Programming Bottom-Up is an attractive idea to me because I design programs in the top-down manner. Designing from the bottom up is another Blub++ feature: I don’t know what this is like, and I can’t even imagine how it would change my development process.

Methodology - Which Features Will I Learn?

Based on my reading, the best features of Lisp are (in no particular order):

Also based on my reading, Lisp seems to be best used in applications where (again, no particular order):

With those criteria in mind, the other languages that I’m quite familiar with that also fit most of these criteria is Python. Python 3 (henceforth referred to as just Python) has excellent community support, simple syntax, and a C FFI as a performance escape-hatch. MyPy also makes writing correct code much easier in my opinion.

Other languages that I’m not familiar with that might fit these criteria:

To evaluate Lisp against Python, I’ll choose features present in Lisp that are not present in Python:

Everything is an Expression

Python does not treat everything as an expression. The classic example to explain the value of “everything is an expression” is presented by Butterick in Why Racket? Why Lisp?, and goes something like this: In Lisp, there are no statements, so any expresssion can be used anywhere. In Python, you cannot use an if-statement as a value in an assignment expression:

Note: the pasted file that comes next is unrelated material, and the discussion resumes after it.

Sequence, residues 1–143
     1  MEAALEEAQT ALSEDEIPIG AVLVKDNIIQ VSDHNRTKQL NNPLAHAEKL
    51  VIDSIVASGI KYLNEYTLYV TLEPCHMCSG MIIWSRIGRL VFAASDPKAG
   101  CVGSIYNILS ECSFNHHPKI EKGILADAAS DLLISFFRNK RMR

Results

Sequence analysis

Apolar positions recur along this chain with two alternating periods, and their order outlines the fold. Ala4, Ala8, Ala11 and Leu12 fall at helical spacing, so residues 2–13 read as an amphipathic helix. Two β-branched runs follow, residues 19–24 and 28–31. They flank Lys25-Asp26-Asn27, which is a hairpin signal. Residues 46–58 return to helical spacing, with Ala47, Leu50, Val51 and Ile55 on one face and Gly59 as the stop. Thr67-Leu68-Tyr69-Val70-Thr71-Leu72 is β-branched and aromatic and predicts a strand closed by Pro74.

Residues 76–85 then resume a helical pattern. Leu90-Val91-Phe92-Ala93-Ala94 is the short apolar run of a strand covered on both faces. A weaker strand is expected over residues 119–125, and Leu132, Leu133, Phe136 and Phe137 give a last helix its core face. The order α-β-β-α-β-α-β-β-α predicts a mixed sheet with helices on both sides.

x = if foo:

This is quickly refuted by Python’s ternary:

x = 2 if foo else 4

Butterick explains that you can do the same thing with operators, which is “impossible” in Python:

((if foo * +) 4 3) ; if foo, then 4 * 3, else 4 + 3

Arguably you can do this in Python as well (thanks to the power of immediately invoked function expressions, as I recently learned from Garrett Morse), but it is certainly less ergnomic:

((lambda x, y: x * y) if True else (lambda x, y: x + y))(4, 3)

(It’s almost surprising how much this looks like Lisp.)

It’s clunkier in Python than Lisp, but this example is more possible in Lisp because it treats * and + as functions, whereas infix operators in Python aren’t. If instead of * and + we had multiply and add, it would be:

((if foo multiply add) 4 3)


(multiply if foo else add)(4, 3)

So while I agree that not everything is an expression in Python, I’m not convinced of its utility.